Why Merge? For Security and Clout

Although big corporate mergers grab national headlines – like the recent $41 billion marriage of Cingular with AT&T Wireless – the union of two small New Jersey associations demonstrates the benefits and risks of such moves for small, youth-focused agencies.

The 19-member Garden State Coalition for Youth and Family Concerns – credited with more than 20 years of effective grass-roots advocacy – merged in September with the 36-member New Jersey Association of Children’s Residential Facilities. Their new name: the New Jersey Alliance for Children, Youth and Families.

The merger drew praise from professionals in the region, along with mild laments that the state’s singular voice for runaway, homeless and street youth will disappear.

“Overall, I do think it’s a good thing,” said Margo Hirsch, executive director of the New York-based Empire State Coalition, which contracts with the federal government to administer Runaway and Homeless Youth training and technical assistance funds in the region. Yet it’s hard to “lose an organization that was solely dedicated to runaway and homeless youth services.”

Why did it happen? After 15 years of on-and-off discussions about a merger, the organizations’ leaders decided that a unified group – with more than 40 member agencies and a combined budget of $250,000 – could team up on their increasingly overlapping issues, such as funding and licensing.

“We realized that we’re all involved with those families and with those kids,” said Anne Bradley-Sosis, former president of the Garden State Coalition and assistant executive director of the Somerset Home for Temporarily Displaced Children.

She said the new alliance can also advocate from a continuum-of-care perspective for New Jersey families on the “soup-to-nuts types of programming [they need], from emergency crisis shelters to a deeper-end service, like a residential treatment center.”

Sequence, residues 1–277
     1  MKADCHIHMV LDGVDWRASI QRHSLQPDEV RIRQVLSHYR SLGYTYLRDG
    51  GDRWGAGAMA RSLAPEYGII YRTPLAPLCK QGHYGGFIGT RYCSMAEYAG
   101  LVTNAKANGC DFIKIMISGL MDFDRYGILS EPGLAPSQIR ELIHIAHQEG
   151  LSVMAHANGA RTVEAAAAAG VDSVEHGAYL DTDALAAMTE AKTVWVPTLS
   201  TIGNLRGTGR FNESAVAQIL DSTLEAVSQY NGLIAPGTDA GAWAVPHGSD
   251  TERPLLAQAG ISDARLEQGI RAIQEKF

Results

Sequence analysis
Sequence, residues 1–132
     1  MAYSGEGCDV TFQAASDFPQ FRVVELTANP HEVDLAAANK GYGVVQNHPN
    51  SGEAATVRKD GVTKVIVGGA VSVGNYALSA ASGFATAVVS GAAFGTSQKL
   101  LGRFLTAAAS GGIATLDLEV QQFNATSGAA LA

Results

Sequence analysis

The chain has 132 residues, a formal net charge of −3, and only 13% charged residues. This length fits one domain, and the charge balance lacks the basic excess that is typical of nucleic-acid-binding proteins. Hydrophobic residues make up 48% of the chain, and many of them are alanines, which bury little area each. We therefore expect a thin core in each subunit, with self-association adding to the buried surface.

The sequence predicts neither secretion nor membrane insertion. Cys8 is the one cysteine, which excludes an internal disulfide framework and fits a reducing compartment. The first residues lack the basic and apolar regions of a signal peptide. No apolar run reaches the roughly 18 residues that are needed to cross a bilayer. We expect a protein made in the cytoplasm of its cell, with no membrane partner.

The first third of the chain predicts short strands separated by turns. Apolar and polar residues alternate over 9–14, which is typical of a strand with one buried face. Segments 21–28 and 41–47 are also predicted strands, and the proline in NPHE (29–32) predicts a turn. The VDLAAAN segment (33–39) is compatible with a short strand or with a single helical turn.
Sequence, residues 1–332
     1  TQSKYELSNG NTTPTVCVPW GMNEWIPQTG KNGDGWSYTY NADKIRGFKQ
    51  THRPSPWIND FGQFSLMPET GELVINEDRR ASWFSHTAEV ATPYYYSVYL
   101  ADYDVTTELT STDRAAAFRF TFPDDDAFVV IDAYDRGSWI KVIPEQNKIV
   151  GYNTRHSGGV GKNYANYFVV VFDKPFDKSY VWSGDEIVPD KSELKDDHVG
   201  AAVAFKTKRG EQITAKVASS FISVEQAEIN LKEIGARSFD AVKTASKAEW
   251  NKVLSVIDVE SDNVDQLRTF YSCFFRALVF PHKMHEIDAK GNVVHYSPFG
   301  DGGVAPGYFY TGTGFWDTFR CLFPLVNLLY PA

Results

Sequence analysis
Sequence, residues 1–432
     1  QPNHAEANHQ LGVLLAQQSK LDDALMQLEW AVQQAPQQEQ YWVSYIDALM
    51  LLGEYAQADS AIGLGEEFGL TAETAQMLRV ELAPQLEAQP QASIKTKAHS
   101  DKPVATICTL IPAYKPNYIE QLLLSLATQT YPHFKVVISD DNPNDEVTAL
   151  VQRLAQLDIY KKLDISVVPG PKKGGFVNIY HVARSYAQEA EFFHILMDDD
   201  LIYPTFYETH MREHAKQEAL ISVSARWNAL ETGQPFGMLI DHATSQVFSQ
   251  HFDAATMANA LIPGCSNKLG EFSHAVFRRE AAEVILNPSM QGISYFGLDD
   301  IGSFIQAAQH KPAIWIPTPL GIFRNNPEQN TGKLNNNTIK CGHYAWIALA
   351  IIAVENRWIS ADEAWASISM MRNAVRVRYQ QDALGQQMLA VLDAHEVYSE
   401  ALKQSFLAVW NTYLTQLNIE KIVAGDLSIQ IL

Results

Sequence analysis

“You have a sense of loss,” Hirsch said, “but that sense of loss doesn’t detract from the sense of excitement that there’s a new energy and a new commitment, and a bigger, and therefore more stable, organization that’s going to incorporate these things into its ongoing work.”

Hirsch’s coalition funded about half of Garden State’s annual budget, by subgranting a $36,000 federal grant to provide training and technical assistance to New Jersey’s runaway and homeless youth basic centers, transitional living and street outreach service providers. That subgrant, from the Family and Youth Services Bureau in the Department of Health and Human Services, will now go to the alliance, Hirsch said. The Empire State Coalition and the alliance will also hold a joint annual conference.

The rest of the Garden State Coalition’s funding came from dues, Bradley-Sosis said. The residential facilities association’s annual budget before the merger was about $190,000.

The alliance has two paid employees; no positions were cut in the merger, and the volunteer boards of the two groups were blended into an interim board until elections are held early next year.